Aspects of the Islamic Faith 115: Personal attitude to debt


Debt is a normal practice in human life. People often have need for money that they do not have. If they expect to have money at a later time and their need is immediate, they try to borrow from a friend or a financial institution. In modern business, borrowing is a normal practice. Many a business will not flourish unless there are arrangements for borrowing and lending. Islam recognizes this need and establishes some detailed rules concerning debt and its repayment. The Prophet (peace be upon him) also lays down certain principles that people need to observe when they borrow and lend.

Abu Hurayrah quotes the Prophet as saying: “Whoever takes other people’s money, intending to repay it, God will repay it for him, and whoever takes it intending to waste it, God will leave him in ruin.” We note that the Hadith is concerned with people’s intentions and their attitude to the debt they incur. It gives us a good idea of how Islam views personal property.

There is no doubt that Islam respects private property and makes clear that no one can take the property of another except in a legitimate way, such as normal trade, a gift or by will and inheritance. Yet people often try to swindle others, and they resort to devious and wicked means to do that. Islam prohibits all these and insists on fair deals in all situations.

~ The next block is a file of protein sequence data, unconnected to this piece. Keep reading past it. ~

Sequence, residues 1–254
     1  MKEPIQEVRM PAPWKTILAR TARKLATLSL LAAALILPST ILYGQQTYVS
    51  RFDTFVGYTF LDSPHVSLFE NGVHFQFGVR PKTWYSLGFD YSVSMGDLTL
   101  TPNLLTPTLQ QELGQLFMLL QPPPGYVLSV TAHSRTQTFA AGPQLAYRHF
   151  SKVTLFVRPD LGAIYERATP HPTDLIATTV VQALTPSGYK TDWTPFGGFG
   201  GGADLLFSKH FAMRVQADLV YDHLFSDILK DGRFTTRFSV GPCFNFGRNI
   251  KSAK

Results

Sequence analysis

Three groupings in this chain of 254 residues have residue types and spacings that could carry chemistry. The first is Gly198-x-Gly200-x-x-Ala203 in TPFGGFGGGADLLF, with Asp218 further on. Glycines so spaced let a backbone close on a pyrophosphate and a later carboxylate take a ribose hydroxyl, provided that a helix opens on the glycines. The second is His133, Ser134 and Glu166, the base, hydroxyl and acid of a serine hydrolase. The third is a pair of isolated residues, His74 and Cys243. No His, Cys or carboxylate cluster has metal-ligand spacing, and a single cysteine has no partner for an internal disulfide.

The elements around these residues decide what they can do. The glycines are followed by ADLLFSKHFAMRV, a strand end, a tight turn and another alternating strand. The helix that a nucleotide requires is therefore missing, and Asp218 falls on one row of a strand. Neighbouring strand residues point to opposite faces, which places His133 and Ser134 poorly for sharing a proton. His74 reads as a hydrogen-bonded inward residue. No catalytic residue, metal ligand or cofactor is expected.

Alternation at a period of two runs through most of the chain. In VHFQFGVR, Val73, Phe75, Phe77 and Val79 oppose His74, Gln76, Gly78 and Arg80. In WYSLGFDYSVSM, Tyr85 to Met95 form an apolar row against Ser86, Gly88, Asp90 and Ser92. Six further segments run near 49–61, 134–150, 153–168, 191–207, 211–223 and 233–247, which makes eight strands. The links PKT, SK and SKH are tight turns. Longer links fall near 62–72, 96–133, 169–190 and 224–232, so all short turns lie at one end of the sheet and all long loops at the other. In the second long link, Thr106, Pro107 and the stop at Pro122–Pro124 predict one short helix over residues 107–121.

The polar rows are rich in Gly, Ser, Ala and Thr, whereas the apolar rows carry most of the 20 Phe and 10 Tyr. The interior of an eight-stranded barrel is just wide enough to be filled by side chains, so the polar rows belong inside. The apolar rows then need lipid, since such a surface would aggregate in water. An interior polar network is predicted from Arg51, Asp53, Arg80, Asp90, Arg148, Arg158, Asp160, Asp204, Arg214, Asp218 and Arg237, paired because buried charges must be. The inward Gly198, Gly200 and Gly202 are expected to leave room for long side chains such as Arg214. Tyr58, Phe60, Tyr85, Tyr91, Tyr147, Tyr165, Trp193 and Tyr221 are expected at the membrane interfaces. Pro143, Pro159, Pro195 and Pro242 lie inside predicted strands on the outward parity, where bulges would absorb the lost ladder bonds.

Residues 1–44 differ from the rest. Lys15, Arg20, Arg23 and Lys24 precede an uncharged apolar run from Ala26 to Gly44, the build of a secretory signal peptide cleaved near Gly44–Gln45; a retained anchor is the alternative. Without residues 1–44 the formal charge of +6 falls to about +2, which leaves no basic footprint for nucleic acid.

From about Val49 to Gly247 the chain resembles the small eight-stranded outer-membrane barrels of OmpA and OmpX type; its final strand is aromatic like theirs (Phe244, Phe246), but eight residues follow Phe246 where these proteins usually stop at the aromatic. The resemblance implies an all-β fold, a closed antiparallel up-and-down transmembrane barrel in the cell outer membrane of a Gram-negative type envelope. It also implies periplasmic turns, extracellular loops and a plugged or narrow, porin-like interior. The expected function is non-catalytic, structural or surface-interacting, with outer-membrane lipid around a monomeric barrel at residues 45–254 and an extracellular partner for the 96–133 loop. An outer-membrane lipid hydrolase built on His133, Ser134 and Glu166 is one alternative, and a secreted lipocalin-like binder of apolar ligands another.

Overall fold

The Hadith we are discussing today makes this clear. If a person takes money or some property of another, then God will look into his case according to his intention, which is perfectly known to God. If he borrows money, or takes it in any other way, intending to repay it on time, or as agreed with the lender or the owner, then God will help him to repay it by facilitating his efforts to get what he needs for such repayment. If he dies before he makes the repayment, God will repay his debt. This is what is meant by the Prophet’s statement, ‘God will repay it for him’. The repayment by God may be in different forms. He may enable the debtor’s heirs to repay it, or may motivate the borrower to write off the debt. In this latter case, God will generously reward and compensate the lender.

Some people borrow money and have no intention of repaying it. Islam views this attitude very seriously. It is not merely an attempt to swindle; it often involves telling lies that may be repeated over a long period of time, as the lender makes his demand for repayment time after time and the borrower tries to evade repayment. The Hadith gives a very serious warning against such an action. It tells the one who takes money from another, intending to waste it for the owner, by evading repayment, that God will cause his ruin. This may be in this life or in the life to come. In this present life, God may deprive him of any enjoyment of the money he has taken from others, or may cause him to use it for emergencies that he could not have foreseen, such as an illness in his family. In the hereafter, God will hold him to account for his deed. He will punish him for illegally taking the property of another. The punishment may be by giving the lender or the owner some of the good deeds of the borrower. If he has no good deeds, then God will make him bear the burden of some of the offences of the lender. What is certain is that God will not forgive him such deeds.

read on Arabnews

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